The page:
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Competition and innovation: an inverted U relationship

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  • Philippe Aghion

    (Institute for Fiscal Studies and Harvard University)

  • Nicholas Bloom
  • Richard Blundell

    ()
    (Institute for Fiscal Studies and University College London)

  • Rachel Griffith

    ()
    (Institute for Fiscal Studies and University of Manchester)

  • Peter Howitt

    (Institute for Fiscal Studies and Brown University)

Abstract

This paper investigates the relationship between product market competition (PMC) and innovation. A Schumpeterian growth model is developed in which firms innovate ѳtep-by-stepҬ and where both technological leaders and their followers engage in R&D activities. In this model, competition may increase the incremental profit from innovating; on the other hand, competition may also reduce innovation incentives for laggards. This model generates four main predictions which we test empirically. First, the relationship between product market competition (PMC) and innovation is an inverted U-shape: the escape competition effect dominates for low initial levels of competition, whereas the Schumpeterian effect dominates at higher levels of competition. Second, the equilibrium degree of technological Ѯeck-and-neckness' among firms should decrease with PMC. Third, the higher the average degree of Ѯeck-and-neckness' in an industry, the steeper the inverted-U relationship between PMC and innovation in that industry. Fourth, firms may innovate more if subject to higher debt-pressure, especially at lower levels of PMC. We confront these four predictions with a new panel data set on UK firms' patenting activity at the US patenting office. The inverted U relationship, the neck and neck, and the debt pressure predictions are found to accord well with observed behavior in the data.

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Bibliographic Info

Paper provided by Institute for Fiscal Studies in its series IFS Working Papers with number W02/04.

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Length: 70 pp
Date of creation: Feb 2002
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Handle: RePEc:ifs:ifsewp:02/04

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  1. Ricardo J. Caballero & Adam B. Jaffe, 1993. "How High are the Giants' Shoulders: An Empirical Assessment of Knowledge Spillovers and Creative Destruction in a Model of Economic Growth," NBER Chapters, in: NBER Macroeconomics Annual 1993, Volume 8, pages 15-86 National Bureau of Economic Research, Inc.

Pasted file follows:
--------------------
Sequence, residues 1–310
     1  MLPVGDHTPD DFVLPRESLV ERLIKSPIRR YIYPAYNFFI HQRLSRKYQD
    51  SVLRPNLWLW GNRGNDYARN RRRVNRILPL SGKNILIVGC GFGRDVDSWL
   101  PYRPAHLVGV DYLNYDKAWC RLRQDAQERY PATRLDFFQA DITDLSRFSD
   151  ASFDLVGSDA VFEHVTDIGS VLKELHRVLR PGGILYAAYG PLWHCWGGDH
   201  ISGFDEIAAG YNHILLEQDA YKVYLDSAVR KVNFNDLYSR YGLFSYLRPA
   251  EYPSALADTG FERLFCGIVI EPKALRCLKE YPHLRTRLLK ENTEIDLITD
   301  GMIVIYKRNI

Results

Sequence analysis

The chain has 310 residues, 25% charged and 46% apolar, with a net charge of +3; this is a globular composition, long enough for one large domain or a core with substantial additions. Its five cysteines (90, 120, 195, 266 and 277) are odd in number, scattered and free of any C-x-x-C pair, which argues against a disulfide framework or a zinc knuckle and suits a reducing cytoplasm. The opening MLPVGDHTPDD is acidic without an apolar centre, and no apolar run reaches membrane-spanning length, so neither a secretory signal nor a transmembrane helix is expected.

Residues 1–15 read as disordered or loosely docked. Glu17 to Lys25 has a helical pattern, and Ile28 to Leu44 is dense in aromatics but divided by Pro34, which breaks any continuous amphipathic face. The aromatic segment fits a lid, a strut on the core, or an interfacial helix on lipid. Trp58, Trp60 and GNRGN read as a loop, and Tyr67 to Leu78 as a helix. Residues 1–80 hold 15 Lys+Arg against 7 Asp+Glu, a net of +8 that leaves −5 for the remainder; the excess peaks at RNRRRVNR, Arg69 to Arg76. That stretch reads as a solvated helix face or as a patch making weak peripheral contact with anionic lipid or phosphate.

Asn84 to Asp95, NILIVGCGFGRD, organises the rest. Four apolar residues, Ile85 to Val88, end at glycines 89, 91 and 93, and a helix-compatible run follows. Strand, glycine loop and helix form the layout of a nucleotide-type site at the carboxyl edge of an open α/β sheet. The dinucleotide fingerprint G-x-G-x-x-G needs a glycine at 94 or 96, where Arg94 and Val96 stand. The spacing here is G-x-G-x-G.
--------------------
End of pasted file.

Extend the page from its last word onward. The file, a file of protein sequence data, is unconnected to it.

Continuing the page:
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  6. Stephen Nickell, 1993. "Competition and Corporate Performance," CEP Discussion Papers dp0182, Centre for Economic Performance, LSE.
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  8. Mathias Dewatripont & Philippe Aghion & Patrick Rey, 1999. "Competition, financial discipline and growth," ULB Institutional Repository 2013/9619, ULB -- Universite Libre de Bruxelles.
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  22. Philippe Aghion & Mark Schankerman, 1999. "Competition, entry and the social returns to infrastructure in transition economies," The Economics of Transition, The European Bank for Reconstruction and Development, vol. 7(1), pages 79-101, March.
  23. Philippe Aghion & Wendy Carlin & Mark Schaffer, 2002. "Competition, Innovation and Growth in Transition: Exploring the Interactions between Policies," William Davidson Institute Working Papers Series 501, William Davidson Institute at the University of Michigan.
  24. Grosfeld, Irena & Tressel, Thierry, 2001. "Competition, Corporate Governance: Substitutes or Complements? Evidence from the Warsaw Stock Exchange," CEPR Discussion Papers 2888, C.E.P.R. Discussion Papers.
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  1. ¿Por qué necesitamos a los â??talibanes de la competenciaâ??
    by Juan Santaló in Nada Es Gratis on 2012-01-26 07:00:41
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